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Stenograph paper is paper that is specially designed to fit into and feed through stenotype transcription machines. When stenographers transcribe court, medical, or other proceedings, they use transcription machines to rapidly type every word that is spoken. It is usually too difficult to type full words and phrases as they are said, and stenographers account for this by using a professional shorthand. Transcription machines often have text display screens, but will print the contents of those screens periodically onto stenograph paper stored in the machine’s chambers below. The stenographer or stenotype reporter can usually recall statements just made by reading through the transcription machine’s printouts.
Most of the time, transcription machines can be optimized to the specifics of a particular stenographer’s short hand. Nevertheless, the notes that are printed out usually record the exact keystrokes, not the meaning behind those keystrokes. The printouts are used to translate the stenographer’s notes into a comprehensible transcript of the proceedings. In legal proceedings, the original stenograph paper is typically made part of the court record in its original form.
Stenograph paper is also used in stenomask machines, a common transcription machine alternative. A stenomask machine allows a stenographer to orally relay dialogue and unspoken happenings into a sound-proof mask connected to a machine. That machine, using voice-recognition technology, creates a transcript of what was said. In some cases, that transcript is also printed on stenograph paper.
Because stenograph paper is used to record words, letters, and coded sentence fragments, it is typically narrow, usually at most 6 inches (about 15 cm) wide. The sheets are connected to each other with perforation. When the transcription machine makes its recording, it does so on a seemingly endless stream of paper that is only later detached into individual sheets.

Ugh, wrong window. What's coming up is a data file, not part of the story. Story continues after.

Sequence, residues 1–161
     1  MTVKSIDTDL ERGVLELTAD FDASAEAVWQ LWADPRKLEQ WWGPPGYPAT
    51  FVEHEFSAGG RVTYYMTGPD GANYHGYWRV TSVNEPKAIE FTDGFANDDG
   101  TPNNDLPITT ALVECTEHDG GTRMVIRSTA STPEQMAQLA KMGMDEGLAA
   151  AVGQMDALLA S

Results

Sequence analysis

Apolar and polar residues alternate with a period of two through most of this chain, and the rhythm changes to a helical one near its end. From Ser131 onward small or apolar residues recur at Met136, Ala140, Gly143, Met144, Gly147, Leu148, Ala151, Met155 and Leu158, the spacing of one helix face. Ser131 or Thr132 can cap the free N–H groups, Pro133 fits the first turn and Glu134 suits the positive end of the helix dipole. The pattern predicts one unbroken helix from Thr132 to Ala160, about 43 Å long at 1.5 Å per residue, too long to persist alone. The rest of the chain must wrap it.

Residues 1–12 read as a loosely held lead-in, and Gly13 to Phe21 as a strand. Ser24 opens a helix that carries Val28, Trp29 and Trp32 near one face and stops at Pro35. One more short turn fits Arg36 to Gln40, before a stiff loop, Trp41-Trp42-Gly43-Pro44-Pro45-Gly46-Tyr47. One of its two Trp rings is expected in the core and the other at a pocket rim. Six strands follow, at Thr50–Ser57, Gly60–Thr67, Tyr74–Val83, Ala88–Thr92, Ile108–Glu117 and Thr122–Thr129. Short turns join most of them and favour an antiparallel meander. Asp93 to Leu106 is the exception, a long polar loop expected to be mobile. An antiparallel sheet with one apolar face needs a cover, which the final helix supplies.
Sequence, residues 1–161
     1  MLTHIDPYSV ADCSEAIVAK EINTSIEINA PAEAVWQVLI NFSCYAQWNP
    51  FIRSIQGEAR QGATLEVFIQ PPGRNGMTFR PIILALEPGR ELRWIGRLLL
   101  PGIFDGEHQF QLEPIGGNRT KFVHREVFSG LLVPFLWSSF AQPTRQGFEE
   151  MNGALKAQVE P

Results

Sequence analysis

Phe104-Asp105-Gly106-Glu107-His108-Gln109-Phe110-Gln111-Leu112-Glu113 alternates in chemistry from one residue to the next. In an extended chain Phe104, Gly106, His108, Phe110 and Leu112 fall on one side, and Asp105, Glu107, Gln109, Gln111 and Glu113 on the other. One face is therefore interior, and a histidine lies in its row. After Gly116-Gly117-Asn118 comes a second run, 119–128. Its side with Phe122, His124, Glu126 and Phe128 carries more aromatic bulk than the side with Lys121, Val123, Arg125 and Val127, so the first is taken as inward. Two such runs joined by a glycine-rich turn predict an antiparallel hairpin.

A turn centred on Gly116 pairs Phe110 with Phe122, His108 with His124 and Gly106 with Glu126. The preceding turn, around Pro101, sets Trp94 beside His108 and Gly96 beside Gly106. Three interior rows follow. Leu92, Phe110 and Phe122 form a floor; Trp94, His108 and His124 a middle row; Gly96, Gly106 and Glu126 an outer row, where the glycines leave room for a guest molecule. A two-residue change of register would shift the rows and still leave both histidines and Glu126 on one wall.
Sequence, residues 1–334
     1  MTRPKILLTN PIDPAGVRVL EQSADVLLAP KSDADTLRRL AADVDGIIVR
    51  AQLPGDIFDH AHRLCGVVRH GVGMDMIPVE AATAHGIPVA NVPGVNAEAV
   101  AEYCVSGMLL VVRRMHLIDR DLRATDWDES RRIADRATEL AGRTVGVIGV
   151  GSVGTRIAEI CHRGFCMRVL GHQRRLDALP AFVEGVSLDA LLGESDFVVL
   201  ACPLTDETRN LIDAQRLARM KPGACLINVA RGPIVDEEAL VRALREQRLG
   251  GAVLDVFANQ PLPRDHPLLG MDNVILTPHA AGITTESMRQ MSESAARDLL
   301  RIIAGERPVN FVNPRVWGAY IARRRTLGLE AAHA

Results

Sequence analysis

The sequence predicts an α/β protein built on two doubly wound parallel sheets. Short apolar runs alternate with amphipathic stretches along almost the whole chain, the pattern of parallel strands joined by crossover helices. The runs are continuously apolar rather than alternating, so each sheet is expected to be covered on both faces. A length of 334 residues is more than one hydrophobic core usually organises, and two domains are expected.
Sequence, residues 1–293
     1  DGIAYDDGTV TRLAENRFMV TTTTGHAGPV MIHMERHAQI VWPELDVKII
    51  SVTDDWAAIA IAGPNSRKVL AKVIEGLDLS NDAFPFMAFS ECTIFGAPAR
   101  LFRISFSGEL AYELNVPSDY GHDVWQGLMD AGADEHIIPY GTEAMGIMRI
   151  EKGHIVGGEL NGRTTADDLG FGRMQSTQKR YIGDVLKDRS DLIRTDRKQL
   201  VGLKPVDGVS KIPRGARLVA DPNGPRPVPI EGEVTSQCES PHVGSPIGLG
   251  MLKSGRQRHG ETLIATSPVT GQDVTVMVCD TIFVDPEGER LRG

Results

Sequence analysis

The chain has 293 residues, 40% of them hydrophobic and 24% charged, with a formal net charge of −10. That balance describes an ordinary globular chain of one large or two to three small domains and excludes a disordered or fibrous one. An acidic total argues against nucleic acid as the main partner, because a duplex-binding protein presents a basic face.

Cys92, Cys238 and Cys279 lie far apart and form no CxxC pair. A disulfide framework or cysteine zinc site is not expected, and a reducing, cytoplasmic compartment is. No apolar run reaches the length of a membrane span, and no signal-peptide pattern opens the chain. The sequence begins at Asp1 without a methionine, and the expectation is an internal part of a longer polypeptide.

The technical elements of court transcriptionist and other stenographer work have slowly changed as technology has advanced. A stenographer today is more likely to have a transcription or stenomask machine that records and stores digital files than a machine with a paper output. Digital files contain the same data as notes printed on stenograph paper, but they are stored on flash drives or internal hard drives and uploaded to websites, not printed directly from the machine.
Several academic and professional notepaper companies sell a product known as a steno book or steno pad. These products are typically spiral-bound, and divided down the middle of the page into two columns. In this way, notes can be jotted down in one or both columns in a way that mimics the short notes transcribed by court reporters. These products are not usually affiliated with stenography, however, and are not known to be used by stenographers for any professional purpose. Steno pads are most popular amongst journalists, who often use shorthand when taking manual notes on speeches or conducting interviews.
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